That is why Herod was frightened, because he craved power, and he was frightened that this might occasion the downfall of his reign and dominion, for he was full of stupidity…. Herod, filled with wickedness, summoned the Magi secretly and questioned them about the child king, and he lied deceitfully and promised his veneration when they should find him and tell him where this King of Kings is. So then the birth of the Lord was made known to the one by the other: to Jews by the Magi and the appearance of the star, to Herod by both the Jews and the Magi, and the Magi were further persuaded when they heard the proclamation of the prophet, and when they saw Herod’s jealousy and fear. But when they went forth from Jerusalem, suddenly their guiding star appeared again, nearby and brighter than the day. It shone even more in the gleam of the sun, the moon, the stars, and all creation. And it led them to Bethlehem as to heaven, to the small cave and the unsuitable tabernacle.
Nevertheless, when they arrived at this place, the star showed them what they desired with an intense brilliance like a finger, and when it had completed its service, it disappeared from them. Nevertheless, when they saw their guiding star, or rather, the angel appearing in this form, they were filled with great joy, because they had obtained what they were searching for.
Maximus seems not to have much good to say about the science of astronomy in general. “Abolished the deception of astronomy and annihilated the darkness of such ignorance”? Ouch! I suspect that the translation is not good here. I can’t be sure, because while “Life of the Virgin” was written in Greek (Maximus was from Constantinople), only a version in Old Georgian survives, according to Yale.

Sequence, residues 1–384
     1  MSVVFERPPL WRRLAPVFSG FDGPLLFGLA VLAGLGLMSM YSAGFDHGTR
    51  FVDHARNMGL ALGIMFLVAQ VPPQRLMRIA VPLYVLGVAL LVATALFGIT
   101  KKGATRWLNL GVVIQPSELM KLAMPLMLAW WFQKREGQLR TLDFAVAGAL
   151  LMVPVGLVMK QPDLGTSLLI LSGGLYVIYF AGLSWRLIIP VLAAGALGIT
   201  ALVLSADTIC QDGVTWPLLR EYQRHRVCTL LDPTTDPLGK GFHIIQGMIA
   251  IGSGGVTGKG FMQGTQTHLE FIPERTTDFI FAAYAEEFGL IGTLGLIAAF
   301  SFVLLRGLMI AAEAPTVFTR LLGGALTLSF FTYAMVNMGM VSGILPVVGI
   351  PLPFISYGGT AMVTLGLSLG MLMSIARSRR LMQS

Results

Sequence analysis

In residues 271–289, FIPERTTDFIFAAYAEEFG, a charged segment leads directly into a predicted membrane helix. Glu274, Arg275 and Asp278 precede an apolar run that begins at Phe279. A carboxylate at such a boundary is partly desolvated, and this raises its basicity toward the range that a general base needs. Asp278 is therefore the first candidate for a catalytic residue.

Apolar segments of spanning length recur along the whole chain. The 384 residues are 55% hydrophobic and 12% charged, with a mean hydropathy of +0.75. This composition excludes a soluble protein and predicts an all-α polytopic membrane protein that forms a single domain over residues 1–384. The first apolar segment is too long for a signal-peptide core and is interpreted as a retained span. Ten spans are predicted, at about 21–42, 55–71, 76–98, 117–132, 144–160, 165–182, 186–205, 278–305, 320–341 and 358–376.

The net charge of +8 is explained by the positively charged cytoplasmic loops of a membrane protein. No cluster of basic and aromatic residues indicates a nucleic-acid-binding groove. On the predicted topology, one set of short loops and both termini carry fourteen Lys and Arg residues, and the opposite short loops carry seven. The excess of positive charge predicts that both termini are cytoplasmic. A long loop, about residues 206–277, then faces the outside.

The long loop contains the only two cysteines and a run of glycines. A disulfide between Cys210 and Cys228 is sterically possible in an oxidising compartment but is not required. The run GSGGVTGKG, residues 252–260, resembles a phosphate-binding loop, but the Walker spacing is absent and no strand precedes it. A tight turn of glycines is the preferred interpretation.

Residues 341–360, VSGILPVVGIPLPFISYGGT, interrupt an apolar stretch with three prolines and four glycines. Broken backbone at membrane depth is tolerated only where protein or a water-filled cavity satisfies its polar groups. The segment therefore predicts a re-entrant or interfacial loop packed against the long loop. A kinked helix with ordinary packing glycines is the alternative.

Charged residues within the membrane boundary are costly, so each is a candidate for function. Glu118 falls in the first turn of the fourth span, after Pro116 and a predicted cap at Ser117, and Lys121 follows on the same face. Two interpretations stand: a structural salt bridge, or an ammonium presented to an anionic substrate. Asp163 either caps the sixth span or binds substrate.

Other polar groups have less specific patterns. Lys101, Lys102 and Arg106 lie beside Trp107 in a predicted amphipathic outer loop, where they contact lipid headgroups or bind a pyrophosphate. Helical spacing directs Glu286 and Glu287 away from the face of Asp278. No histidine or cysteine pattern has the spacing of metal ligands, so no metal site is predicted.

Still, I suspect that here Maximus is referring to what we today call astrology, rather than astronomy. After all, he also says that the Star’s “path was not like that of the other stars”, and it behaved according to “neither the nature nor character of a star”. To say those things requires giving credence to astronomy, that science which would tell him what is the typical path of a star through the sky, and what is its nature or character. Were astronomy truly dark ignorance, then Maximus would have to deny that stars could have knowable paths or natures or characters.
Maximus also describes the star doing a lot of things that are not discussed in Matthew’s gospel. Does Matthew mention Persia? Does Matthew say the star outshone the sun? If you saw the Faith & Science post earlier this month about the article by Fr. David J. Collins, S.J. on St. Albert the Great and the Star of Bethlehem, and read the article, you learned that there was a lot of lore tacked on to Matthew’s story that added all sorts of details like these—lots of details that have nothing to do with science, and what might be a scientific explanation for the Star of Bethlehem. For many people throughout history, it really just was not about science in any way.
Thanks to my son for introducing me to Maximus and “Life of the Virgin”.